Bond ETFs: When liquidity isn’t an infinite resource

whirlpool waterFor institutions, the biggest pull of fixed income exchange-traded funds (ETFs) is liquidity—the ability to make a quick exit from large or small positions, without having to navigate the over-the-counter market.

Lately, however, some have been warning investors that liquidity isn’t an infinite resource, particularly when it comes to the growing world of fixed income ETFs.

A new study by Greenwich Associates finds that institutional investors are turning to bond ETFs in greater numbers as they struggle to find products in a highly challenging fixed income space.

The study finds that 59% of institutional fixed income ETF users have increased their use of bond ETFs since 2011 and 40% plan to increase their allocations in the next 12 months.

Why? Liquidity management is the top issue driving the trend—it’s the fastest growing application for ETF use. Back in 2010, only 3% of institutional investors using bond ETFs were doing so to manage liquidity. In 2014, that number jumped to a stunning 55%.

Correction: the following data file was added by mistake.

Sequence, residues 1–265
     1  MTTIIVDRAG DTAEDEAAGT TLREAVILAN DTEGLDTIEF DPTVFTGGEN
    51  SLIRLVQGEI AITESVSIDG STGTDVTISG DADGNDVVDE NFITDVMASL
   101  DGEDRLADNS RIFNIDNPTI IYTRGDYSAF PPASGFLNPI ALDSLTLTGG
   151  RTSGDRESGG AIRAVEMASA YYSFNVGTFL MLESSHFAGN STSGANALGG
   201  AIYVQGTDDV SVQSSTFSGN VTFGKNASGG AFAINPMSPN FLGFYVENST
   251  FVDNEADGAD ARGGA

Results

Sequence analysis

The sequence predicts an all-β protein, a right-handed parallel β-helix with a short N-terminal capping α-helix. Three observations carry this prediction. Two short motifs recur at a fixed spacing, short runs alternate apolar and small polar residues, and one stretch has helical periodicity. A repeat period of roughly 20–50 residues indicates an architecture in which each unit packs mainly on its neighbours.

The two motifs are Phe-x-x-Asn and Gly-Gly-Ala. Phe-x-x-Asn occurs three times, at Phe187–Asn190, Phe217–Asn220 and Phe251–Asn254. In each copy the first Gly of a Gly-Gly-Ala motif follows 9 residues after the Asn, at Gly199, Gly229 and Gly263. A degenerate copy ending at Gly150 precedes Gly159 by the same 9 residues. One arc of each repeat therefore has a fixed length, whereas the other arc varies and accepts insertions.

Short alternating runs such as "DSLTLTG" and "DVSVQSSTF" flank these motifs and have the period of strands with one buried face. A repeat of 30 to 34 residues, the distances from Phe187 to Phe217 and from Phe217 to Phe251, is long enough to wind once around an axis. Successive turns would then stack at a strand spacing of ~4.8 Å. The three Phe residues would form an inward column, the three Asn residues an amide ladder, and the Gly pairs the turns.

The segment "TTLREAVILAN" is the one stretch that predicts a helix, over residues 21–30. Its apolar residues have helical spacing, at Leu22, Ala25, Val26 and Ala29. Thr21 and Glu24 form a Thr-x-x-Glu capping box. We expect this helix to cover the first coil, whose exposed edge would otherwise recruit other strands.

As more and more large investors pour into bond ETFs, however, the risk is that the need for speed on the liquidity front could create big waves across some of these funds. As Bloomberg reported last week, hedge fund Passport Capital, suddenly pulled its entire US$217 million stake in BlackRock’s long-term U.S. Treasuries ETF on March 31.

The ETF had become the epicentre for a major hedge fund trade according to Bloomberg, which noted the redemption was about 4% of the US$5.1 billion ETF’s assets.

Investors didn’t experience any major waves or fallout—but it does show the increasing impact institutional investors are having on the ETF space, particularly as they look for cheaper and more efficient access to fixed income. As more and more large institutions turn to ETFs for daily liquidity, trades such as this could become the norm.